Scripture Reading: Matthew 14:23, Psalm 46:10

Yesterday we reflected on the discipline which God as our loving Father gives in order to put us on the right track. For the next five days, our reflections shall focus on the discipline we need to give to ourselves with the help of the Holy Spirit to remain in the right track as we keep running to win the prize of eternal life. The general state of immoderation and dissolution of modern Christianity may be traced back to the loss of silence. Solitude is often considered one of the traditional spiritual disciplines that is lacking in the lives of many present day believers. It is oftentimes associated with silence. The idea is to be alone with God, to pray, to meditate on His Word, and to simply enjoy His presence. Some people use solitude as a way to distance themselves from the distractions of the world, acknowledge the interior of their hearts, and hear God speak. Being alone can also be used as a time of rest and refreshment.

Dear friends, “St. Eucherius relates that a person who desired to be perfect once asked a spiritual director what he had to do, and this was the answer he received: “Solitude is the place where man finds God. In solitude, virtue is easily preserved; in intercourse with the world it is easily lost.” St. Bernard tells us that he learned more about God and divine things in solitude under the oaks and beeches than from the books and schools of the learned. For this reason the Saints felt an irresistible yearning to leave the noise and bustle of the world and retire into solitude; that is why the mountains, forests and caves were inexpressibly dear to them.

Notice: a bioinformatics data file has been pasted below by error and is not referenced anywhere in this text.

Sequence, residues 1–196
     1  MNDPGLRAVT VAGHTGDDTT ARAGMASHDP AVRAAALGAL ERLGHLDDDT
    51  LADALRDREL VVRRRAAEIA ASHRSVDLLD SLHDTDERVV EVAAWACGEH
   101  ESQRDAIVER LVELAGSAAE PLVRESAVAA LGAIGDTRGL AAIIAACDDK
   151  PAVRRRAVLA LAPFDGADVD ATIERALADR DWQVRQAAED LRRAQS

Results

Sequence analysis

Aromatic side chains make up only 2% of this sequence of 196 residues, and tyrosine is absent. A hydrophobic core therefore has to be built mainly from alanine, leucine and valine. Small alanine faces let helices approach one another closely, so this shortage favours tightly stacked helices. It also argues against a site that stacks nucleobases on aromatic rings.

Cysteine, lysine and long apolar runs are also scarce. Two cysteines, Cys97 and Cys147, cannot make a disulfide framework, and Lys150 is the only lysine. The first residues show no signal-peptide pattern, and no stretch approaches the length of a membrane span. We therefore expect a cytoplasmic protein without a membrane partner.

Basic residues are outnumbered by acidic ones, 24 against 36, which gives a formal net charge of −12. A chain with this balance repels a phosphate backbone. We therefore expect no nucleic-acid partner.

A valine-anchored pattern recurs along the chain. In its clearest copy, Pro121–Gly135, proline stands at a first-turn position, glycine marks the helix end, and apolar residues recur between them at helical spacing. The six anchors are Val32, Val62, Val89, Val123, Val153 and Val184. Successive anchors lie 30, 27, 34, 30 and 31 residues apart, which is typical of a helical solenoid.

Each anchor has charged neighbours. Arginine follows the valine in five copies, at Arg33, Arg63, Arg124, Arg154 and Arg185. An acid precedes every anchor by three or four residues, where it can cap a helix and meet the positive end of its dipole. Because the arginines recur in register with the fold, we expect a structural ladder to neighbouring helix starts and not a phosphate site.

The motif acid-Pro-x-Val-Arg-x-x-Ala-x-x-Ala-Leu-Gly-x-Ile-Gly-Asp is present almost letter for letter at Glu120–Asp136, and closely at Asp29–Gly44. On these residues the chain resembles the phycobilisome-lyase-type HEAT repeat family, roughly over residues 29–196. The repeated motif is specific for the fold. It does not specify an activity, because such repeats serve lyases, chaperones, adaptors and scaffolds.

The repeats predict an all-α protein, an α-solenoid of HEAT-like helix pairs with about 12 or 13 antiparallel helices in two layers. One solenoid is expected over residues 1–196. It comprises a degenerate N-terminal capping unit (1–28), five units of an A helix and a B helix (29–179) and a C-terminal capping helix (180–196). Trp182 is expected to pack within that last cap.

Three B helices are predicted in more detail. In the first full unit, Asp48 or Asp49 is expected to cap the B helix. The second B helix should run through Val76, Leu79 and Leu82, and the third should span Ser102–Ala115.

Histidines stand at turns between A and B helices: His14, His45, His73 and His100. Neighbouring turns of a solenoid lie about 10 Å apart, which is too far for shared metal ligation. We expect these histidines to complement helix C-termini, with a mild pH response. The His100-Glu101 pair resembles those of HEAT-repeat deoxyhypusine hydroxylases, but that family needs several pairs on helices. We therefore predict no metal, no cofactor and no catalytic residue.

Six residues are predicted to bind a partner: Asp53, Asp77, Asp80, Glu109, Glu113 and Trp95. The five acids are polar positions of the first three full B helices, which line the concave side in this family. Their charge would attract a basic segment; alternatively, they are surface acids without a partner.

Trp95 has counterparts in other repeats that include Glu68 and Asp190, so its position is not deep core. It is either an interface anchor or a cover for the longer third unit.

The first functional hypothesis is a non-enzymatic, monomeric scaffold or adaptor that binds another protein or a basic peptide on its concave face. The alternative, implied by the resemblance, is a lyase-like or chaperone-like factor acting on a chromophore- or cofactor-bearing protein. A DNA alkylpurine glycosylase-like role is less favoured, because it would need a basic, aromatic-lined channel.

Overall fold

A story was told of a farmer who discovered that he had lost his watch in the barn. It was no ordinary watch because it had sentimental value for him. After searching high and low among the hay for a long while; he gave up and enlisted the help of a group of children playing outside the barn. He promised them that the person who found it would be rewarded. Hearing this, the children hurried inside the barn, went through and around the entire stack of hay but still could not find the watch. Just when the farmer was about to give up looking for his watch, a little boy went up to him and asked to be given another chance. The farmer looked at him and thought, “Why not? After all, this kid looks sincere enough.” So the farmer sent the little boy back in the barn. After a while the little boy came out with the watch in his hand! The farmer was both happy and surprised and so he asked the boy how he succeeded where the rest had failed. The boy replied, “I did nothing but sat on the ground and listened. In the silence, I heard the ticking of the watch and just looked for it in that direction.”  There are a lot we can find, there are a lot we can gain, there are a lot we can learn, there are a lot we can hear, there are a lot we can do if only we can spend some quality time in silence each day. Remember that a seed grows with no sound, but a tree falls with huge noise, there is great power in solitude and silence; let us rediscover the spiritual power in this spiritual discipline. St. Bernard said: Never am I less alone than when alone“; for when I am alone I am with God, who gives me greater joy than the society of all creatures could afford”. We shall continue tomorrow.

Prayer Points:

  1. Take this prayer: “Teach me to listen, O God, to those nearest to me: my family, my friends, and my co-workers. Help me to be aware that no matter what words I hear, the message is, “Accept the person I am. Listen to me.” Teach me to listen, my caring God, to those far from me – the whisper of the hopeless, the plea of the forgotten, and the cry of the anguished. Teach me to listen, O God, to myself. Help me to be less afraid to trust the voice inside — in the deepest part of me. Teach me to listen, Holy Spirit, for your voice — in busyness and in boredom, in certainty and doubt, in noise and in silence. Teach me, Lord, to listen to you in all things and at all times, especially in solitude and silence in the name of Jesus- Amen.

Exercise: Meditate on Psalm 1 for at least 5 minutes.

Memory Verse: Habakkuk 2:20.